1. What do you think about using separated data entities to retrieve the desired data? We want to consider if partners find this kind of architecture flexible and useful
  2. Although the data entities provided above are not finalised, do you feel these data entities and the fields associated with them are sufficient for your reporting and campaign use cases?
  3. How do you feel about the problem we are trying to solve and any suggestions for us on this RFC?

We appreciate your time and expertise in providing feedback on these specific points outlined in the RFC. Your insights will play a significant role in shaping our decision-making process. When we close this RFC, we will inform you of our plans to incorporate your feedback by posting in this thread. At any point, if you feel that you would like to have a 1:1 with us to provide further feedback, ask additional questions or face trouble in understanding the RFC, feel free to raise a request to setup some time.


@GrushaBhalla thank you for this RFC!

With regard to this:

Does it mean that you expect Marketplace Partner to start polling the GraphQL API every minute to see if a new evaluation license is available? How is that going to work?

The link to the demo video seems to be protected, I need to log in to Loom and request access in order to see it.

@GrushaBhalla / @MalathiVangalapati can you please elaborate if the GraphQL API is going to replace the Marketplace API moving forward?

If not, moving this specific resource to a different API is only going to be a hassle for Marketplace Partners as it means that we are going to have to work with two different APIs providing the same data in different structures for no good reason.

If you’re doing this for Atlassian Marketplace Partners only, please don’t.

This feature looks good in terms of concept, but it’s screaming for either or both of:

  1. explicit confirmation that GraphQL subscriptions will be supported (and that whatever GraphQL gateway you are using will have the capacity to handle all of the vendors wanting to use this), and/or

  2. a complementary webhook API that pings one or more vendor URLs when new data is available.

These features should be a win-win and save you time in the long run, because it’ll save you from handling the load from tons of unnecessary polling. Doing only GraphQL subscriptions and not webhooks probably doesn’t work though, since the implementation complexity for GraphQL subscriptions is relatively high and it creates a high burden for vendors to redo their entire tooling.

I also really like the ability to see the decomposed data structure. It will be important to ensure the immutability of as many of the ID or ID-type fields as possible, across all of the data structures, and to explicitly indicate in the documentation which fields are permanent ids and which can change. This is because many of us are syncing these to our own databases and we need to know whether to update or create new records.


Perhaps if you put all this detail somewhere similar to /rest/api/settings/systemInfo or indeed into the webhook body, then any install webhook could be used to send the onboarding emails in real time.


We would like to express our gratitude to all of you for taking the time to read the RFC and provide feedback. We will respond to your comments shortly. Additionally, I would like to apologize for any inconvenience caused by the demo video being inaccessible. We have resolved the issue, and all partners should now be able to easily watch the video.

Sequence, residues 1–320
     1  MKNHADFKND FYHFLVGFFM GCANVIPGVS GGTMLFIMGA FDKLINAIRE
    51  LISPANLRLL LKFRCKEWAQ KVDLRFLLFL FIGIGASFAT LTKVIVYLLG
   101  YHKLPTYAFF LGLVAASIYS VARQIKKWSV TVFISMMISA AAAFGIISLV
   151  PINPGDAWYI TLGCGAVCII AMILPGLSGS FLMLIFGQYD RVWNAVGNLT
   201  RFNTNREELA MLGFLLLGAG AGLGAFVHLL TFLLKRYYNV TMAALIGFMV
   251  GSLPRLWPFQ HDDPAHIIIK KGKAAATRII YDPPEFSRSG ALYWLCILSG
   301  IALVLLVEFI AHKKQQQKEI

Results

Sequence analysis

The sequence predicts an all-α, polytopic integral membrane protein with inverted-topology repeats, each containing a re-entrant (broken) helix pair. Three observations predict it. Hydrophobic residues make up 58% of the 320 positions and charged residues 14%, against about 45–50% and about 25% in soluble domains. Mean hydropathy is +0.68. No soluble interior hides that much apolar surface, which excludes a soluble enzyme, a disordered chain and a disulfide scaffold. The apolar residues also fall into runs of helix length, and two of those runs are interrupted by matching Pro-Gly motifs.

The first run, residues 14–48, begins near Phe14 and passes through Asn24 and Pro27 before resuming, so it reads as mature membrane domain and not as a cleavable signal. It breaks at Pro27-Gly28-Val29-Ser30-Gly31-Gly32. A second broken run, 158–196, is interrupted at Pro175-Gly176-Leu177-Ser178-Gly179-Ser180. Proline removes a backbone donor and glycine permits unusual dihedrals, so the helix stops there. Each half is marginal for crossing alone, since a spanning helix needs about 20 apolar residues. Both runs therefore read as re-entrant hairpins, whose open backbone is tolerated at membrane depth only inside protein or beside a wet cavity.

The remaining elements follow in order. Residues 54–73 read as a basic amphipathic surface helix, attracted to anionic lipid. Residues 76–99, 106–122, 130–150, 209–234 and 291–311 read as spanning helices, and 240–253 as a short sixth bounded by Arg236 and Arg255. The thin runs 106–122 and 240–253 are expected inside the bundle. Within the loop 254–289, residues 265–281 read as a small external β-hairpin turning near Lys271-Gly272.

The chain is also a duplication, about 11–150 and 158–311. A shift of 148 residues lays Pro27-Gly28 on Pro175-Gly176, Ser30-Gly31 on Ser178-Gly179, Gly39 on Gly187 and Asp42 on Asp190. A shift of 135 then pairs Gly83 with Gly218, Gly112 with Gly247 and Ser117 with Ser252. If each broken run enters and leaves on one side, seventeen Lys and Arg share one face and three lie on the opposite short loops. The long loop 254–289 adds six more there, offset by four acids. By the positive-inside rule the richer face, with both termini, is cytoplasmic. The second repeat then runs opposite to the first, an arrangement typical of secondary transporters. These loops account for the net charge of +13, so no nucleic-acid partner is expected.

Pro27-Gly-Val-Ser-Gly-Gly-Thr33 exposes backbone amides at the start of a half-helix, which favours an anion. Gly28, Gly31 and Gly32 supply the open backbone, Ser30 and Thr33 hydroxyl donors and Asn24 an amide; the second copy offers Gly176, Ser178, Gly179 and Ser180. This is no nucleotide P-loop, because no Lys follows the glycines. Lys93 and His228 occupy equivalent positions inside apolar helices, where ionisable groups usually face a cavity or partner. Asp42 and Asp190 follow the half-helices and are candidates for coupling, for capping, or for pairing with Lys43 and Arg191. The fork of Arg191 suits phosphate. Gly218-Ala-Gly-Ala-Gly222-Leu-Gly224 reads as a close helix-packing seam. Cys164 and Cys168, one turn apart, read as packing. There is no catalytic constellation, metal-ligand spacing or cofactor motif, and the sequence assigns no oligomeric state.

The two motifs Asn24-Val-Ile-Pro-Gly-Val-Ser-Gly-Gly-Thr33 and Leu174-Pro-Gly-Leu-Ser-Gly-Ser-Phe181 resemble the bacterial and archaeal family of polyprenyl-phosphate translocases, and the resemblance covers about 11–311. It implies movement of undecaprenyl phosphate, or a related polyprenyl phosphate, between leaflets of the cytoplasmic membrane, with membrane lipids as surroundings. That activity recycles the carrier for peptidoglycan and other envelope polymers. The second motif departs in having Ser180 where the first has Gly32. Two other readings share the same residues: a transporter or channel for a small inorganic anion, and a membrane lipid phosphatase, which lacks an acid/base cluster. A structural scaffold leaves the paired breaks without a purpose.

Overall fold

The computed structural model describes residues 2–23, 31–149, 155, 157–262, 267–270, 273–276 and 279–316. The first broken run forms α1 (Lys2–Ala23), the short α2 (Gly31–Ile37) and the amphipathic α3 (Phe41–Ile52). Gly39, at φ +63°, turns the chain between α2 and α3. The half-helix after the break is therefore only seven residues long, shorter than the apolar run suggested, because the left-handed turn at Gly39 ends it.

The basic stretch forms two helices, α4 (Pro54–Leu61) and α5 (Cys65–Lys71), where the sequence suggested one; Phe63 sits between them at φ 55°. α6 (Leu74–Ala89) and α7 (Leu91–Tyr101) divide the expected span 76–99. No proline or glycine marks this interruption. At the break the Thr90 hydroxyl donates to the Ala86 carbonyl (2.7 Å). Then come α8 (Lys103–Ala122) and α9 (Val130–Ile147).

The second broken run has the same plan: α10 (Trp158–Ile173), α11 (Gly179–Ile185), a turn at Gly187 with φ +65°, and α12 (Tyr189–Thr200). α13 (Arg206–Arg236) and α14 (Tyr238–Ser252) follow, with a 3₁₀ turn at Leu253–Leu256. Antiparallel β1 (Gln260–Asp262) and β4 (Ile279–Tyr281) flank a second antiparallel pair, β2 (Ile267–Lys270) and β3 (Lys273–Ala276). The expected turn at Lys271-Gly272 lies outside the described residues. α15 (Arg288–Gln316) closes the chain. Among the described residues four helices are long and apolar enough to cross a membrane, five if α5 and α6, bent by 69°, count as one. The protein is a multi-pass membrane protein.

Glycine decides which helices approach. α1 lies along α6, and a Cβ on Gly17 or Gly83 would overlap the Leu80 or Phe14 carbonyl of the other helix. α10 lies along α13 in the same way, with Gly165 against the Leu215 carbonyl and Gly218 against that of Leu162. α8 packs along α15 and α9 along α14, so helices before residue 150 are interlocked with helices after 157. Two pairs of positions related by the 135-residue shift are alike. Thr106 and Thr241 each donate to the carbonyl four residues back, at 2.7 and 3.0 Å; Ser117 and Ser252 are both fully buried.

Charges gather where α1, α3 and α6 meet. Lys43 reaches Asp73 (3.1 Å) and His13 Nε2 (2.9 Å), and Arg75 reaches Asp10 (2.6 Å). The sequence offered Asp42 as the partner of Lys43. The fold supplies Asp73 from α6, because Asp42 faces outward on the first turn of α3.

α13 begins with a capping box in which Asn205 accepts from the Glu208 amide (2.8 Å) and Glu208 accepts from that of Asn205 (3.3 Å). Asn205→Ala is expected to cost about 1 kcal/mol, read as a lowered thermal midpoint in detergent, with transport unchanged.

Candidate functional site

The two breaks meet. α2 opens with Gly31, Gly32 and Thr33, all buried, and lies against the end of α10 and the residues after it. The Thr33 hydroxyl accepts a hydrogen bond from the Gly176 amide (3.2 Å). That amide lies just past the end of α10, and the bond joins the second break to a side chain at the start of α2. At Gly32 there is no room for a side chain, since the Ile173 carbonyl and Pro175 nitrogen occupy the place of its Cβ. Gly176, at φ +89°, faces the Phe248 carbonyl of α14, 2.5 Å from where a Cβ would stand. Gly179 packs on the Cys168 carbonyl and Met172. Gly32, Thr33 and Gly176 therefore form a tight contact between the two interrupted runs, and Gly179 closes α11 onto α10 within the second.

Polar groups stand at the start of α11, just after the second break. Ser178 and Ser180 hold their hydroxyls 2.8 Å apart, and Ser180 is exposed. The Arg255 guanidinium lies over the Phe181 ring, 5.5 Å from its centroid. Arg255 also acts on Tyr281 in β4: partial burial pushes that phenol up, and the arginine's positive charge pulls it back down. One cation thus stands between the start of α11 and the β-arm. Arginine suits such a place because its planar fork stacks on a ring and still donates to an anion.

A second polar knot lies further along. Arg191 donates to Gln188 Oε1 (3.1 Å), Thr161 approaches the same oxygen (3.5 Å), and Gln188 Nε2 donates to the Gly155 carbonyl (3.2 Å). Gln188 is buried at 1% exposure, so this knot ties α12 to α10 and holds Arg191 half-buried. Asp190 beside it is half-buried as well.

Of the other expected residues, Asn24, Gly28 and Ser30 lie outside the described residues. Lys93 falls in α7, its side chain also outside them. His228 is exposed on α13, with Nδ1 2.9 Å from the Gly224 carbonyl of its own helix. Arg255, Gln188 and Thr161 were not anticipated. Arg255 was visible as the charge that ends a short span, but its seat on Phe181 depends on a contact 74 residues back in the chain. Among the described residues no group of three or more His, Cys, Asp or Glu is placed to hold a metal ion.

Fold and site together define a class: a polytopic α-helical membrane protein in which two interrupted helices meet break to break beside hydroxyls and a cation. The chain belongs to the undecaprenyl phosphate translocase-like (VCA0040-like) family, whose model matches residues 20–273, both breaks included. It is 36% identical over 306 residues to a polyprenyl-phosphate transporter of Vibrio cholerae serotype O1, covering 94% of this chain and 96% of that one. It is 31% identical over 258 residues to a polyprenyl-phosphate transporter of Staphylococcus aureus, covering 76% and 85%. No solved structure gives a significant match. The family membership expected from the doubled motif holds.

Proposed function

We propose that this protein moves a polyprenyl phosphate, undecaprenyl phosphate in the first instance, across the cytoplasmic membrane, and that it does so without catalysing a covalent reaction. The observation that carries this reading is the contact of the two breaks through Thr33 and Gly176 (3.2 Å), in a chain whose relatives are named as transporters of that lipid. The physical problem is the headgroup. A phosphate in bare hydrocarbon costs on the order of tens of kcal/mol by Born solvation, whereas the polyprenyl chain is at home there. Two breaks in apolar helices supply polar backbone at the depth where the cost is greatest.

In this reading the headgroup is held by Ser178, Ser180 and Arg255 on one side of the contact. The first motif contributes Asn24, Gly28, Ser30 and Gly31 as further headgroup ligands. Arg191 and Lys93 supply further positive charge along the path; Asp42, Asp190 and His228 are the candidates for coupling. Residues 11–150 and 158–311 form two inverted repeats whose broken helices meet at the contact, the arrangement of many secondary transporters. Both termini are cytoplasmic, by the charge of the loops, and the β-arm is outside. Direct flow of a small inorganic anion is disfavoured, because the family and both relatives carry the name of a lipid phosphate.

I know this is some unique selling point for GraphQL, but in this case, it really does not make any sense. We’re processing license information in the background. There are no constraints on data transfer in terms of speed or size, as there would be on a front-end application.

If any, switching to a different data structure compared to the already existing license report output basically means I can’t re-use code and only makes my effort to work with Marketplace API more complex, both in terms of initial development as well as maintenance.

Be cool if we could get the email of the person doing the actual installation. Onboarding drip campaigns are mostly useless when your only accessible email is an admin/technical contact which is often either a CEO/CFO who has no idea on the context.


@nathanwaters +1 on this. Of course the technical contact is also normally out of date information or has already left the company, so it’s even worse than no context.

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I think what we’d be looking for is who the installer thinks is the main contact for the app. Especially in an Enterprise setting. But that’s def outside of this RFC (but if anyone at Atlassian wants to dig into it… :slight_smile: )

Now back to the RFC at hand:
+1 on the limiting of the fields. (Depending on our processing utilities - we don’t want to extract more info than we need to).

Will it be possible for us to query in graphql so that we only get certain items based on dates? (Ie we’d love to make sure that we don’t get email adresses for folks that haven’t been a subscriber in X days).

It would also be great if there was a proper webhook/subscription registration path so we don’t have to poll for things every 5 minutes (or the last time we got a successful fetch).

Neat to see Atlassian thinking down this track. +1 to thinking about pairing this solution with webhooks.

  1. In light of that not being proposed at the moment, what would be a reasonable rate of querying the data that wouldn’t overload the system on your end?

  2. Also for the exisiting license and transaction export, what is a reasonable rate of querying that might get new data. It sounds like 3-4 hour timeframe at present?

  3. With this new GQL endpoint - is it a completely separate API to the license and transaction export. Will that be affected by this new RFC?

I share the concern raised about two different sources of truth coming from Atlassian in two different schemas.

1 Like

Hi everyone!

We would like to express our gratitude to all of you for taking the time to read this RFC and providing your valuable feedback. We have tried to collate the questions as per some of the emerging themes:

  • Push vs. Pull Mechanism: We will assess this further and share it with this group. Regardless, we want to ensure that even with a pull mechanism, there would not be any concurrency issues.
  • Having the appropriate customer contact info: We understand the importance of right customer contact for our partners. We are already in talks with our compliance and legal teams about this and will share an update soon.